DNA codes for proteins via codons. A codon is a combination of three nucleotides. As there are 4 different nucleotides available in DNA, there are 64 permutations possible. These 64 codons code for the 20 amino acids and 3 stop codons. Hence, many amino acids are coded by several different codons - the genetic code is said to be redundant.
Typically DNA sequences have a single reading frame (but see @user3790338's answer for an interesting exception to this rule). The reading frame is, basically, defined by the first amino acid of the protein that it decodes. Thereafter, each subsequent triplet is one codon, in a non-overlapping way (123 - 456 - 789 - etc.). Note that DNA sequences contain so-called introns that intervene the coding DNA. These regions are eliminated post-transcriptionally. For clarity-sake I have disregarded them in my answer.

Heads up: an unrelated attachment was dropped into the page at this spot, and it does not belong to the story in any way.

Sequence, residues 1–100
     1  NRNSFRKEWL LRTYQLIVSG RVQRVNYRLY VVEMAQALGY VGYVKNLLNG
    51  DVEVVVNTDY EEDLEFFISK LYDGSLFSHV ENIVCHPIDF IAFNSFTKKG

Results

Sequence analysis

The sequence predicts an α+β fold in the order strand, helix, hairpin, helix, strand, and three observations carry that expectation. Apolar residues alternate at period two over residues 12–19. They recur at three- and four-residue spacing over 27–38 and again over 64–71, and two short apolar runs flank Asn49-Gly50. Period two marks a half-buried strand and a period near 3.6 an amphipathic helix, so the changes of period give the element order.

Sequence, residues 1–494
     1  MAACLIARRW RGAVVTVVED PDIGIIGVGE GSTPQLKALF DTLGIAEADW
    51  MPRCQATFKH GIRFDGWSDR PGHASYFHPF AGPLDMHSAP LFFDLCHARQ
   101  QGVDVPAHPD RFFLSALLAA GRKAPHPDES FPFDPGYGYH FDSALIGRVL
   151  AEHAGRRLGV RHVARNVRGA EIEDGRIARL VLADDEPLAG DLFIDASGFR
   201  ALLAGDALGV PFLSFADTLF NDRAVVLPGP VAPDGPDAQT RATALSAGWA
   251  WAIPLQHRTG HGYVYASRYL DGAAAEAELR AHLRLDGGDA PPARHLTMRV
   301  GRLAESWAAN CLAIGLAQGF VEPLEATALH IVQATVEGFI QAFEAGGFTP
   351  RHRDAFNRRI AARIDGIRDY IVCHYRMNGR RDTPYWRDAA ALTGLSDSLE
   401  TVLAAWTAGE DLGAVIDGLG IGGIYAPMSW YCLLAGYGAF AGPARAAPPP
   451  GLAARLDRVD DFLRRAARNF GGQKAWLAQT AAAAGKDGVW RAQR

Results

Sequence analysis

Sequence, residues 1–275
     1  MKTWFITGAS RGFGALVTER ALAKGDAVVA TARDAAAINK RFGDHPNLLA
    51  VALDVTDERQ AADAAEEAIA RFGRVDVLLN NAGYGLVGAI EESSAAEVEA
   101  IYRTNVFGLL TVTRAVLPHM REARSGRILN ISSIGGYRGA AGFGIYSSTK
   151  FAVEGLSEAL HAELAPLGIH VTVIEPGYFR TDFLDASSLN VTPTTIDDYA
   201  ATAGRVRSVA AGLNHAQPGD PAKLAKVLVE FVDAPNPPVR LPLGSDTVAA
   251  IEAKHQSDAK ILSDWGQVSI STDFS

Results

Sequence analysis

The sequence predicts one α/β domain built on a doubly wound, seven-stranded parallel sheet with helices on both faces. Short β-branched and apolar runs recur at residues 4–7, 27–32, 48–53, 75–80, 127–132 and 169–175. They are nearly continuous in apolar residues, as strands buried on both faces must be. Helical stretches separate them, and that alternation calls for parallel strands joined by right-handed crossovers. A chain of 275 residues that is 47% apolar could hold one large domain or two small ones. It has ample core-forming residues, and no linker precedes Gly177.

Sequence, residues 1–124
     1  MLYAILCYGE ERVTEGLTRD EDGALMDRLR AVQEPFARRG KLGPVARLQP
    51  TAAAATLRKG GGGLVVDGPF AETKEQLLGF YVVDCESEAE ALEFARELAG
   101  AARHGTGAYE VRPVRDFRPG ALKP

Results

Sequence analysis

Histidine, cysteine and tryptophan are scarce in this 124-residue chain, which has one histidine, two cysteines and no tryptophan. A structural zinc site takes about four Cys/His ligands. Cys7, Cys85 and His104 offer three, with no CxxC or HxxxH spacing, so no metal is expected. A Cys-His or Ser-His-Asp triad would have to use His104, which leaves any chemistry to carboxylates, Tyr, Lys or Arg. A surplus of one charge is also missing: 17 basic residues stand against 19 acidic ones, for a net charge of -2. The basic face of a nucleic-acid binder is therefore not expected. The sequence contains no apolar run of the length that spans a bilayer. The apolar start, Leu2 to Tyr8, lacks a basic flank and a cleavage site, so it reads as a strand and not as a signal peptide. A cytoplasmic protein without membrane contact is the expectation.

However, one has to realize that this coding of DNA is only important phsyiologically during translation, i.e., when mRNA is being translated into a protein. It is the ribosome that actually reads the codons and stop codons to determines which amino acid is to be incorporated in the growing protein and when to stop translation. Hence, although we read DNA sequences in terms of codons, the cellular machinery doesn't read DNA, it reads mRNA.